U.S. Indicts 11 For Alleged TJX Data Theft

The U.S. Attorney's office in Boston said that the individuals indicted were responsible for "wardriving" and then hacking into wireless networks of numerous retailers, including TJX companies, BJ's Wholesale Club, OfficeMax, Boston Market, Barnes and Noble, Sports Authority, forever 21 and DFW Inc. in order to steal tens of millions of credit card numbers.

The Framington, Mass.-based retail giant TJX, which owns discount clothing stores TJ Maxx and Marshall's, was by far the hardest hit, suffering a loss of 45.7 million card numbers, which the retailer revealed in March of 2007.

"So far as we know, this is the single largest and most complex identity theft case ever charged in this country," said Attorney General Michael Mukasey, in a written statement. "It highlights the efforts for the Justice Department to fight this pernicious crime and shows that, with the cooperation of our law enforcement partners around the world, we can identify, charge and apprehend even the most sophisticated international computer hackers."

The charges targeted what authorities described as a sophisticated crime ring comprised of three individuals from the U.S., three from the Ukraine, two from China, one from Estonia and one from Belarus.

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Officials said that members of the crime ring, headed by Albert "Segvec" Gonzalez, of Miami, lifted the numbers after breaking into the retailers' databases by installing "sniffer" programs to capture card numbers, as well as password and other account information. Authorities asserted that the hackers then then stored on computer servers controlled in the U.S. and Eastern Europe.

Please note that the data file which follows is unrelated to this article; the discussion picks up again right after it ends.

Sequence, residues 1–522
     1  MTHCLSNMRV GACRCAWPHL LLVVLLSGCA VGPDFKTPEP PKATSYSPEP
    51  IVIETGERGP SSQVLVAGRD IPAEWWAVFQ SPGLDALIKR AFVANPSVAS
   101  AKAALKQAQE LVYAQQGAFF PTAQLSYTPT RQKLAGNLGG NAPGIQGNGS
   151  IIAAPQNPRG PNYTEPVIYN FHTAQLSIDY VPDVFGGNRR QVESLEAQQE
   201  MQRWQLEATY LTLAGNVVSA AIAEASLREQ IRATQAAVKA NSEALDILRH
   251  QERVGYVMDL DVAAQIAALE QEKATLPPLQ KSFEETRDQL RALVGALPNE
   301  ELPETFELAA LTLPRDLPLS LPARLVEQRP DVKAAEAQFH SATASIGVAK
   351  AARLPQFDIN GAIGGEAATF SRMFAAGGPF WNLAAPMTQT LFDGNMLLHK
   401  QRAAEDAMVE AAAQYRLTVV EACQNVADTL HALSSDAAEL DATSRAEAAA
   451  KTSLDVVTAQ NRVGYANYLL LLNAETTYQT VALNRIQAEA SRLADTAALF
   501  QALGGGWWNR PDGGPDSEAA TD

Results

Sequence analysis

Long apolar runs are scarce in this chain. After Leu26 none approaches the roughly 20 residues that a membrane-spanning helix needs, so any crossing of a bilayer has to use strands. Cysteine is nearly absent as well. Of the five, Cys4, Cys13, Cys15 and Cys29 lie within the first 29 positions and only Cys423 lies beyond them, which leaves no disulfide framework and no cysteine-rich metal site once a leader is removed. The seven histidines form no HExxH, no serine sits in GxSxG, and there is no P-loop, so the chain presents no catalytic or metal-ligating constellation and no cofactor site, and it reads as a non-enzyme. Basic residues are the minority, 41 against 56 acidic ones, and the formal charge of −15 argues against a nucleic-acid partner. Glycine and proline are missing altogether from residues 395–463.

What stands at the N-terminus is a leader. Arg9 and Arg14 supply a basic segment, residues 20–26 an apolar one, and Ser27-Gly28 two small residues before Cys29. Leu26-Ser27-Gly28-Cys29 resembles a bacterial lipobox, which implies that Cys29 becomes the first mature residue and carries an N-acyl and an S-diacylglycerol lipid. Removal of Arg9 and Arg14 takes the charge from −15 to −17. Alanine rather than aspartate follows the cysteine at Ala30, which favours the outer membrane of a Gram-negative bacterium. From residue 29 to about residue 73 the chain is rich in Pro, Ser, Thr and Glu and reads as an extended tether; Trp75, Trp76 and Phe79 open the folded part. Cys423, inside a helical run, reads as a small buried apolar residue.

The indictment alleges that the hackers sold the stolen credit card information to people in the U.S. and Europe via the Internet, and claims that the defendants also used the stolen cards to illegally withdraw tens of thousands of dollars at a time from ATMs.

Gonzalez, who was previously arrested by the Secret Service in 2003 for access device fraud, faces new charges that include counts of computer, wire and access device fraud, as well as aggravated identity theft and conspiracy for involvement in a crime scheme.

Similar charges were brought against the U.S. defendants Christopher Scott and Damon Patrick Toey, both from Miami.

Gonzalez and other co-conspirators were allegedly able to conceal and launder the proceedings of their fraudulent activities by using anonymous Internet-based currencies within the U.S. and overseas, and by channeling funds through Eastern European bank accounts.

If found guilty for the current charges, Gonzalez, who had previously worked as a confidential informant for the Secret Service, faces a maximum penalty of life in prison due to the extensive size and scope of his criminal activities.

"While technology has made our lives much easier, it has also created new vulnerabilities. This case clearly shows how strokes on a keyboard with a criminal purpose can have costrel results. Consumers, companies and governments from around the world must further develop ways to protect our sensitive personal and business information and detect those, whether here or abroad, that conspire to exploit technology for criminal gain," said U.S. Attorney Michael Sullivan in a statement.

"These prosecutions demonstrate that, through coordinated commitment, the United States Secret Service and the Department of Justice will penetrate and prosecute hacker organizations, wherever based and however sophisticated."